As early as the days of Hippocrates, hepatitis has been described as a disease that occurs in the young and shows the cardinal symptom of jaundice, which sometimes develops into a critical condition. Ironically, research on hepatitis progressed rapidly during World War II because injuries and the terrible sanitary conditions of the battlefields caused serious hepatitis epidemics. People recognized that hepatitis could be classified into two types: infectious and serumal. The former became known as hepatitis A and the latter as hepatitis B. After the war, the hunt for hepatitis viruses had begun. First, the hepatitis B virus (HBV) was identified in 1967 by Blumberg, who was awarded a Nobel Prize in recognition of his discovery. Next, the hepatitis A virus (HAV) was discovered in 1973. These discoveries were thought to have clarified the causes of hepatitis, but by the following year, it was acknowledged that many cases of hepatitis were not caused by either HAV or HBV (Prince et al., 1974). Later, the hepatitis D virus (HDV) and the hepatitis E virus (HEV) were discovered in 1977 and 1983, respectively, but they were not the cause of hepatitis non-A, non-B, which is associated with blood transfusion. In 1989, HCV was identified by a molecular biological method where researchers induced the expression of cDNAs obtained from the blood plasma of a chimpanzee with hepatitis non-A, non-B and screened them with convalescent serum (Choo et al., 1989). HCV was the first virus to be discovered not by the previously used virological methods, but by a molecular biological method.
The discovery of HCV had a great impact on the treatment and prevention of liver diseases (Hayashi & Takehara, 2006). It turned out that not only did most patients who had been diagnosed as hepatitis non-A, non-B actually have hepatitis C, but also that there were quite a few hepatitis C patients among those who had been thought to have alcoholic liver disease or autoimmune hepatitis. As the natural history of hepatitis C was clarified, it became clear that the disease is a major risk factor for hepatocellular carcinoma (HCC) (Figure 1). The infection route of HCV is via the blood. Some patients who are exposed to the virus develop overt liver disease, but most of them remain in a latent state. Within six months of being infected, 30% of the patients expel the virus naturally while the remaining 70% enter a phase of persistent infection. Once patients enter in this latter phase, it is very rare for the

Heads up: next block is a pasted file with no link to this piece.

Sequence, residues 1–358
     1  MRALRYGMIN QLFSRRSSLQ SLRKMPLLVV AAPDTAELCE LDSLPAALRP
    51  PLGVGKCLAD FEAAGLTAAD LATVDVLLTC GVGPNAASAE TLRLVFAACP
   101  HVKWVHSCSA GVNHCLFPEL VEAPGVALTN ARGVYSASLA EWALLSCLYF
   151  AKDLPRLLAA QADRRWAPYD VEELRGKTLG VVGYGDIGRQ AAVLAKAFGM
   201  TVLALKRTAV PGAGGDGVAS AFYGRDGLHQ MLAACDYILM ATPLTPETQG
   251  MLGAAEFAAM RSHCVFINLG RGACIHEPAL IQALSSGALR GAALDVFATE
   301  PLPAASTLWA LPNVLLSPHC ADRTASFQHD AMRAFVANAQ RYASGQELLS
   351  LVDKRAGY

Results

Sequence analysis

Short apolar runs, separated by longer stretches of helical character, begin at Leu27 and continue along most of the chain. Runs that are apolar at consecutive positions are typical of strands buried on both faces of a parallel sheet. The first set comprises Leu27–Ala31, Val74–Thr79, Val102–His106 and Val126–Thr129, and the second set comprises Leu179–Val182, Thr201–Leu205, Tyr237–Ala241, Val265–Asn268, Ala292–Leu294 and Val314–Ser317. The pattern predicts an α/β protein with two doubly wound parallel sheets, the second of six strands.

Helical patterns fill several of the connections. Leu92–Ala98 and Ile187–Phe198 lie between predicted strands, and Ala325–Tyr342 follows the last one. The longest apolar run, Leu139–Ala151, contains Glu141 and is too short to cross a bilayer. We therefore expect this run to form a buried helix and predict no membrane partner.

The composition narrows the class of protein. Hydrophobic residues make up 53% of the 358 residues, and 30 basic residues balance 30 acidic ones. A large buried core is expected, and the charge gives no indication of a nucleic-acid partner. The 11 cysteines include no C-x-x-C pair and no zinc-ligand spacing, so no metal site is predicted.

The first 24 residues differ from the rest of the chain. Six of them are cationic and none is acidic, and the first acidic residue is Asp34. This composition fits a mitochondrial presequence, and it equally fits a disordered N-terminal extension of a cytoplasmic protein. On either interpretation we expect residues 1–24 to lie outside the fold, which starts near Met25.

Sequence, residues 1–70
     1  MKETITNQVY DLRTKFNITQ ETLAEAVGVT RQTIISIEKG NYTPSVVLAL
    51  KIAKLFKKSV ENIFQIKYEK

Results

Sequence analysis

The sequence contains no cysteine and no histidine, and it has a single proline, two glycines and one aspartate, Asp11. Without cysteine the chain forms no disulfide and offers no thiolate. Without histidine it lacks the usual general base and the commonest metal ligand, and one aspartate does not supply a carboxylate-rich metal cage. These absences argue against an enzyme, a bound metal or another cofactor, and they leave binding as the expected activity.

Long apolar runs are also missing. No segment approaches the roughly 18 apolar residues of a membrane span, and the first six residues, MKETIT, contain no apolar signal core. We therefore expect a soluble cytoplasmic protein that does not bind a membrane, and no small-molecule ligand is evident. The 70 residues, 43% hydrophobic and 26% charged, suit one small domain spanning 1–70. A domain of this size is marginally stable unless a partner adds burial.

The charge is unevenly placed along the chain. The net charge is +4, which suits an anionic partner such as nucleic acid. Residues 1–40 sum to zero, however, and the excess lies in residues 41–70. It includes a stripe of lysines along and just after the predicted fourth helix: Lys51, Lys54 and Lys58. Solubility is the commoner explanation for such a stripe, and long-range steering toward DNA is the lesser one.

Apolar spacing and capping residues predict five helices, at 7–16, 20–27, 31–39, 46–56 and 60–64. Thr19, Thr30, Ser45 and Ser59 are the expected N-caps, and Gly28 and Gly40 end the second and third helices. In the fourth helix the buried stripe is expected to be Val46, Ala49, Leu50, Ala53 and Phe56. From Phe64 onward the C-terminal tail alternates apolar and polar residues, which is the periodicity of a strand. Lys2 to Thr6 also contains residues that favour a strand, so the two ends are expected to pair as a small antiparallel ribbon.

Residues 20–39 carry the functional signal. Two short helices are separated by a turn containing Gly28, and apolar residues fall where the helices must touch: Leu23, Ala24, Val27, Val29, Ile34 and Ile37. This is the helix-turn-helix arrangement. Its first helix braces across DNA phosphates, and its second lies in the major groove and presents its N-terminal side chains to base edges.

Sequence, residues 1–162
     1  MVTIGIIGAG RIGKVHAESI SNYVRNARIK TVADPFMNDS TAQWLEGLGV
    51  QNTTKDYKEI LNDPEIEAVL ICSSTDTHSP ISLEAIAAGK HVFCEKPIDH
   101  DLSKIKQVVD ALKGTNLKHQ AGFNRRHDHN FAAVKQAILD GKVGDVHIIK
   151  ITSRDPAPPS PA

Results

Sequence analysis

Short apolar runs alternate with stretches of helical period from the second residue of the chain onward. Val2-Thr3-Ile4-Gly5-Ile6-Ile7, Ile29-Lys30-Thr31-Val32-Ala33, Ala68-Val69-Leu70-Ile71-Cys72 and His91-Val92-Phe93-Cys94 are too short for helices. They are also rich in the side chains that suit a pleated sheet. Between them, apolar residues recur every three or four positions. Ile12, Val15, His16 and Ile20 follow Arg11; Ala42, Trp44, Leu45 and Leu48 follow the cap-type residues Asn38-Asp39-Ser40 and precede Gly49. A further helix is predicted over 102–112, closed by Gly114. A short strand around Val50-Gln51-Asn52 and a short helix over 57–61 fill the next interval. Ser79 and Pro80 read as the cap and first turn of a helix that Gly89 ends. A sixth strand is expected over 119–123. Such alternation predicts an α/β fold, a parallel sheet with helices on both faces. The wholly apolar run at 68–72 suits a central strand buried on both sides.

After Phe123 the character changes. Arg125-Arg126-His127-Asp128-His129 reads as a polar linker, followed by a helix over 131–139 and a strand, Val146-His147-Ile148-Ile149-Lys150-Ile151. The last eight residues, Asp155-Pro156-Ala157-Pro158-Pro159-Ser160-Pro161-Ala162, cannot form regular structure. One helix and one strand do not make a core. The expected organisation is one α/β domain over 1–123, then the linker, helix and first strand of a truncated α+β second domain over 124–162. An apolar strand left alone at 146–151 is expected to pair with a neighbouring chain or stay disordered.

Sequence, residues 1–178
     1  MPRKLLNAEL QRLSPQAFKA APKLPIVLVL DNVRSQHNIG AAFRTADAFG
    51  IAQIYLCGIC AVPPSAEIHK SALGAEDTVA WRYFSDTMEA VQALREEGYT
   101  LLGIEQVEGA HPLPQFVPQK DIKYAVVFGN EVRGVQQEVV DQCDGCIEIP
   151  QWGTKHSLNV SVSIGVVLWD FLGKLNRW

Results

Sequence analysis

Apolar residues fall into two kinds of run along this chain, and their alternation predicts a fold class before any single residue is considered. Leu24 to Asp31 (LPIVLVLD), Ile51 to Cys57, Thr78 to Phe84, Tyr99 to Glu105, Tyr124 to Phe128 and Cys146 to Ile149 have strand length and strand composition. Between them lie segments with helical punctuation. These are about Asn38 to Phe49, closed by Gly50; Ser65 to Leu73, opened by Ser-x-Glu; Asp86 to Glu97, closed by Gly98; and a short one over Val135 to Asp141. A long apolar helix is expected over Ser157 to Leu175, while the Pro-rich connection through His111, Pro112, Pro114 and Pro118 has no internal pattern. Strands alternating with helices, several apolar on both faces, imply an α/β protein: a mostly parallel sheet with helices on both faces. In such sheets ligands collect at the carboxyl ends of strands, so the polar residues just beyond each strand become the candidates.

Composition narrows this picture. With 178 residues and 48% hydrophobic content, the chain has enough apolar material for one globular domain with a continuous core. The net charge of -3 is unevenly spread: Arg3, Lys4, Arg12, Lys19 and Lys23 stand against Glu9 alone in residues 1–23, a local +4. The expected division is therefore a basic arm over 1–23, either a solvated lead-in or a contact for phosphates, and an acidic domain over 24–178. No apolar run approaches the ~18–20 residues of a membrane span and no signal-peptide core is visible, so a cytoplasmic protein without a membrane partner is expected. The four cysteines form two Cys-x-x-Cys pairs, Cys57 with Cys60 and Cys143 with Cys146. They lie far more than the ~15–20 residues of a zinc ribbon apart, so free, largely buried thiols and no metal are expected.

Annual rate 0.5%^
Annual rate 0.5%^
Fig. 1 Natural history of HCV infection and its incidence of HCC according to liver fibrosis stage
Fig. 1 Natural history of HCV infection and its incidence of HCC according to liver fibrosis stage virus to be expelled naturally, with the estimated annual rate being less than 0.2% at most. Many of the patients with persistent infection show the medical conditions of chronic hepatitis and develop cirrhosis in 20 to 30 years. Patients with cirrhosis develop HCC at a very high annual rate of 8%, while patients with early chronic hepatitis do so at an annual rate of only 0.5%. The estimated number of patients with HCV is about 1.7 million in Japan and about 1.7 billion in the world. It is a serious public health problem as many of these patients belong to a high-risk group for HCC.
HCV does not fit into the classical definition of a tumor virus. The mechanism of carcinogenesis in patients with persistent infection of HCV is not fully understood, but it is usually explained from the virus and the inflammation viewpoints. From the virus viewpoint, the HCV core protein has an effect on the mitochondrial electron transport system and prompts the production of reactive oxygen species (ROS) (Moriya et al., 1998; Okuda et al., 2002). This process is thought to cause damage to the host gene. It has also been reported that the expression of HCV core protein activates bcl-xL transcription via the MAP kinase pathway as well as the activation of STAT3 (Otsuka et al., 2002). We have shown that high expression of bcl-xL, observed in about one-third of HCC cases, is involved in the apopto-sis resistance of cancer cells (Takehara et al., 2001; Takehara & Takahashi, 2003). From the inflammation viewpoint, it is thought that the inflammation itself induces oxidative stress and that hepatic regeneration in patients with hepatic disorder has an influence on the fixation of accumulated mutations (Kato et al., 2003). In any case, the larger clone size of the transformed hepatic cells caused by these factors leads to overt HCC. Generally, the innate immune system recognizes abnormality in autologous cells in vivo, and the immunological expulsion mechanism starts to function. Increasing evidence supports the possible involvement of innate immunity in the carcinogenesis of HCC and its development in patients with HCV infection.
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